Friday, September 11, 2009
This is a comment run by Jerry Pournelle. He had been running correspondence on whether technological progress is slowing down - this from an article elsewhere claiming that most apparent technological breakthroughs in the last 50 years actually started before then. Dr Pournelle didn't really agree with it & neither, strongly, do I.
On the Slowing or Otherwise of Progress
There are certainly governmental/socially induced brakes which were less prominent in the past. You have discussed how, if government invested in space, via X-Prizes we could have colonised the system by now. We could also have cheap nuclear electricity worldwide & I think an international grid. The only thing preventing the widespread use of modular housing & GM plants (for food & other things barely under discussion) is government regulation. I am convinced that without damaging regulation western economies would be growing faster than China. Even if government was always this parasitic & I don't think it was, then the growth of government produces stronger brakes.
On the other hand
For a decade world AVERAGE growth has been 5%. 30 years ago when Japan & Singapore were growing at nearly 7-10% this was an "economic miracle" but it is becoming commonplace. Increasing growth rates alone suggest to me we may still be on the lower side of the S curve. See world growth rates http://www.geographyiq.com/ranking/
ranking_GDP_real_growth_rate_dall.htm This suggests that while particular highly visible new technologies get stamped on the underlying rate of progress is not only continuing but increasing. We also see Moore's Law & strength of materials increasing fast (Clarke originally posited a space elevator in the 22nd century yet we are within reach of having materials to build one now).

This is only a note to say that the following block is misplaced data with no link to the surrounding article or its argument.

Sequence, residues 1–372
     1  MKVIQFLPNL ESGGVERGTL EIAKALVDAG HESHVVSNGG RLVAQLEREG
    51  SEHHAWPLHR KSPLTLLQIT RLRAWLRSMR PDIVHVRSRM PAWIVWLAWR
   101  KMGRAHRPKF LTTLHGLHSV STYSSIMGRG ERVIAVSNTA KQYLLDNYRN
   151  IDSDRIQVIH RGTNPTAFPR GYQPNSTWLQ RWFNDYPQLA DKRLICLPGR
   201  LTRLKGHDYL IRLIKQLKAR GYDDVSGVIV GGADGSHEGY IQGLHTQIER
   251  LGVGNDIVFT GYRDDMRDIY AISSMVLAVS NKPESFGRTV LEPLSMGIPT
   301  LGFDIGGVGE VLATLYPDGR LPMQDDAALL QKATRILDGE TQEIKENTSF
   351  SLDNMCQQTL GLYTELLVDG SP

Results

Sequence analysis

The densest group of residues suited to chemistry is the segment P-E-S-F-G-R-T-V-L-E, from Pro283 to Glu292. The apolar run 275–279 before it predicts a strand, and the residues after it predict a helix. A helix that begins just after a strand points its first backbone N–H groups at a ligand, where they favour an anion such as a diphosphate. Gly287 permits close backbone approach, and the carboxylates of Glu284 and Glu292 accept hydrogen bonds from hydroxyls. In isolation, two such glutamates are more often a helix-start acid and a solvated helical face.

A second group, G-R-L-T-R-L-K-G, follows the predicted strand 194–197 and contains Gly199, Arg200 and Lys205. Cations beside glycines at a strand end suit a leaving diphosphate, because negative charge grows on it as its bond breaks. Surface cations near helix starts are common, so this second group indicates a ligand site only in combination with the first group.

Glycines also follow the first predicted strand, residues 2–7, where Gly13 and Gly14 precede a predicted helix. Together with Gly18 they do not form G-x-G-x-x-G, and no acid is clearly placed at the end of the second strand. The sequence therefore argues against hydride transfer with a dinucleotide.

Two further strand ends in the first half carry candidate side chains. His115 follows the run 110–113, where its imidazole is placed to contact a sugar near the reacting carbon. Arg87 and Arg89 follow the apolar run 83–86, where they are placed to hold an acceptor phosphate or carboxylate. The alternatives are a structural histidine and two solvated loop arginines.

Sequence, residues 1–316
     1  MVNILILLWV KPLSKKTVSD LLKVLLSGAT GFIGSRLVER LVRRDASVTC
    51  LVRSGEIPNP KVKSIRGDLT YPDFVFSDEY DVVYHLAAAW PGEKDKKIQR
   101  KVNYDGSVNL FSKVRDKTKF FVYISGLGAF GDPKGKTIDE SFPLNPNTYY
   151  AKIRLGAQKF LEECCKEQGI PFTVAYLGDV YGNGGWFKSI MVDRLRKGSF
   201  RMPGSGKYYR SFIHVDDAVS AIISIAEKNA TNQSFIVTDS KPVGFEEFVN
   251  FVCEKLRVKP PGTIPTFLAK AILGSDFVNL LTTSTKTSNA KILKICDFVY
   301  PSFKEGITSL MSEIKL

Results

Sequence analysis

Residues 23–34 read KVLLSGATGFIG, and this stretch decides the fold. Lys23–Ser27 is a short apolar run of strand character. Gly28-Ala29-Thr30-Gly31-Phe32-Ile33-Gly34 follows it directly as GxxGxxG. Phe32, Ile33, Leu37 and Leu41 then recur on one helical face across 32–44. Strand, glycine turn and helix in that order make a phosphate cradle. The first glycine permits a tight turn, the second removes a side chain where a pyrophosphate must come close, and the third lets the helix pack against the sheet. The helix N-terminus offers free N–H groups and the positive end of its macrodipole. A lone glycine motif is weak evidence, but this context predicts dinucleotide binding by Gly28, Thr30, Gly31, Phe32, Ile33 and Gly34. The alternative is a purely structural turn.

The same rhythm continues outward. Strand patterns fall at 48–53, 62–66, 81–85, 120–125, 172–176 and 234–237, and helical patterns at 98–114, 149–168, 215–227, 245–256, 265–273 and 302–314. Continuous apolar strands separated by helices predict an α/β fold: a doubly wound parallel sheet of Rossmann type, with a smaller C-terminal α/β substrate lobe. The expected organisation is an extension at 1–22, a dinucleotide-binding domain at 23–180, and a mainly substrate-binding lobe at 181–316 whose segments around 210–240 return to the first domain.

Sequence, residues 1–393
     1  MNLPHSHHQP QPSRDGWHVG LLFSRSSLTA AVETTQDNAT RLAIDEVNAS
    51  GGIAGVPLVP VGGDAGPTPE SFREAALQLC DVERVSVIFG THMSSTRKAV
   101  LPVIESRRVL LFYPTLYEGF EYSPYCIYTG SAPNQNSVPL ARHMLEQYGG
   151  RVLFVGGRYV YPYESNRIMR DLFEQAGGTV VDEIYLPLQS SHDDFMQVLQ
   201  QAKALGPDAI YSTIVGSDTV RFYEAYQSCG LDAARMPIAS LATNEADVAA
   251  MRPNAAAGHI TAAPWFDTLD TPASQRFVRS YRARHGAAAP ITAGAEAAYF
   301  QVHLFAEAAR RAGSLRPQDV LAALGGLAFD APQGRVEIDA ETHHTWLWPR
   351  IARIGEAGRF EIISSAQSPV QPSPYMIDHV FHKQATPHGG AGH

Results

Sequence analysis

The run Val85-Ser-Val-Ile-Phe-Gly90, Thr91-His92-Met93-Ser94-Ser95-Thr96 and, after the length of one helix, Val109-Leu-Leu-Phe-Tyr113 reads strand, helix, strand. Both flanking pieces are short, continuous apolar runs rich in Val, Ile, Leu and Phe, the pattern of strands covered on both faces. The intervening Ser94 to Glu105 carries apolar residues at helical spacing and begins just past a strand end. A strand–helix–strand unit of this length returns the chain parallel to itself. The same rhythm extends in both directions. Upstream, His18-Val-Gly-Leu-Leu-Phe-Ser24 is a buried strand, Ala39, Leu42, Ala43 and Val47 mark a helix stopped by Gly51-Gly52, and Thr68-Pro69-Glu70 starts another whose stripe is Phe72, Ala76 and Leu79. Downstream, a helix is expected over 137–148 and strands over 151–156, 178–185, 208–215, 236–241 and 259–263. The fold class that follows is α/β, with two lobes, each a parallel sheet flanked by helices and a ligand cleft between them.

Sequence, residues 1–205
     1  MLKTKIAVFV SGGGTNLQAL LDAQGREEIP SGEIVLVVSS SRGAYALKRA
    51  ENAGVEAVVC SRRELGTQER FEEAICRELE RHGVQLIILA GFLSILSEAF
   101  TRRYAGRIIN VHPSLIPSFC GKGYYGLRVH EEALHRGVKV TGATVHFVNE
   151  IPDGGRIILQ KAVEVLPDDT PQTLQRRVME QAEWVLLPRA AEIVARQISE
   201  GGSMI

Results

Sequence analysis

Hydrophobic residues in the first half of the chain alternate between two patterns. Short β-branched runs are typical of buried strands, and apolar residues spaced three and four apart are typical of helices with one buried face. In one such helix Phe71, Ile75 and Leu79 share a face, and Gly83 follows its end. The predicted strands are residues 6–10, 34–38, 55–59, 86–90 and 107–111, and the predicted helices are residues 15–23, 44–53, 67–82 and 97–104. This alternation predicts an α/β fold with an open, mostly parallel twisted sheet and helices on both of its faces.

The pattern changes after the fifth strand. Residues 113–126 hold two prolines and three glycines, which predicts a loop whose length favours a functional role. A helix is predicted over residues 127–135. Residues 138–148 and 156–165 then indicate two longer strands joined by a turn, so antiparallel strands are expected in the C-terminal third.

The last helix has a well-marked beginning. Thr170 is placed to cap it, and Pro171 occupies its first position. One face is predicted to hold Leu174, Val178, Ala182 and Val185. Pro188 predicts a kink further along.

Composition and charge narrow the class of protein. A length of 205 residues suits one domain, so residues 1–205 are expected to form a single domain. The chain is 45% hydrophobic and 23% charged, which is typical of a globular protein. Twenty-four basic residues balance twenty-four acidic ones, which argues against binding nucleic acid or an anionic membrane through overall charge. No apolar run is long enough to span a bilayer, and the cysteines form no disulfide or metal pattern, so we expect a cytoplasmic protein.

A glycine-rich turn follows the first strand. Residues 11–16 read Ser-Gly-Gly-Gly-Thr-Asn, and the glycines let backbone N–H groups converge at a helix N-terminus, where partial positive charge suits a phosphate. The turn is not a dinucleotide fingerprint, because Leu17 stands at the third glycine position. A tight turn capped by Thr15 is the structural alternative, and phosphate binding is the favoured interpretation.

Because they are starting from a lower base it is not surprising that the fastest developing countries are not revolutionizing technology but as they reach western levels we must expect they will (eg South Korea becoming a leading nuclear reactor manufacturer). If this means the eclipse of the West, which I regret, it means good things for the human race.
I tend to agree. In the stories and novel that make up EXILE -- AND GLORY! I postulate that we would be a lot further into space in 2010 than we are going to be, despite political problems and a depression. There's no real reason we couldn't be where I thought we would. On the other hand, there are no technological reasons why we can't get there yet. In my stories I assumed a bit more freedom than we have now.
I am surprised & disturbed that he feels we are, in reality, less free than in his story, which is society in a state of terminal collapse, with a "leftist", "environmentalist" big government presidency. My feeling is that we are at about roughly the same level of freedom, with a similar degree of overgovernment This article however is about one way, the emasculation of the military in the name of our health & safety obsession, which is certainly very much worse than in many of his books, written by a man with experience on the ground, which often have as themes the need for a traditional military or some other way to protect property.
The reference to the S-curve, classic in most growth functions, came from an earlier comment by somebody else, who said we were reaching near the top (85%) where the rate of slope is declining. I, more optimistically, think we are at about the 20% level where the rate of technological increase is still rising.